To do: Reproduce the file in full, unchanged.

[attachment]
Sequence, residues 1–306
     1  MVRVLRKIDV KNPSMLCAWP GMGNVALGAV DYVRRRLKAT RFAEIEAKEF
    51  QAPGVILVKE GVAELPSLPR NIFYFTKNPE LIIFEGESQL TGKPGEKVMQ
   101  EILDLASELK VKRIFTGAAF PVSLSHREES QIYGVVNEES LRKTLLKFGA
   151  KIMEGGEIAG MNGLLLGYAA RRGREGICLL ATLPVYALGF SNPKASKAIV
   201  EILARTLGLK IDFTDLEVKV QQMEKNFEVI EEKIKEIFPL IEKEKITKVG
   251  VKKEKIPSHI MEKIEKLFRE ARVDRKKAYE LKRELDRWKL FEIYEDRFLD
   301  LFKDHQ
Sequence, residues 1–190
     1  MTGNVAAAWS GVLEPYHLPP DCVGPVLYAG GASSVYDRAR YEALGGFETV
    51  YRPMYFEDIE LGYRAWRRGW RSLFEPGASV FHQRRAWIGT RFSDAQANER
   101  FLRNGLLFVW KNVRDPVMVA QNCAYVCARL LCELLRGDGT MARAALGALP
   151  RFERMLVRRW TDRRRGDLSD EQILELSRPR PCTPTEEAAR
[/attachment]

Sequence, residues 1–306
     1  MVRVLRKIDV KNPSMLCAWP GMGNVALGAV DYVRRRLKAT RFAEIEAKEF
    51  QAPGVILVKE GVAELPSLPR NIFYFTKNPE LIIFEGESQL TGKPGEKVMQ
   101  EILDLASELK VKRIFTGAAF PVSLSHREES QIYGVVNEES LRKTLLKFGA
   151  KIMEGGEIAG MNGLLLGYAA RRGREGICLL ATLPVYALGF SNPKASKAIV
   201  EILARTLGLK IDFTDLEVKV QQMEKNFEVI EEKIKEIFPL IEKEKITKVG
   251  VKKEKIPSHI MEKIEKLFRE ARVDRKKAYE LKRELDRWKL FEIYEDRFLD
   301  LFKDHQ
Sequence, residues 1–190
     1  MTGNVAAAWS GVLEPYHLPP DCVGPVLYAG GASSVYDRAR YEALGGFETV
    51  YRPMYFEDIE LGYRAWRRGW RSLFEPGASV FHQRRAWIGT RFSDAQANER
   101  FLRNGLLFVW KNVRDPVMVA QNCAYVCARL LCELLRGDGT MARAALGALP
   151  RFERMLVRRW TDRRRGDLSD EQILELSRPR PCTPTEEAAR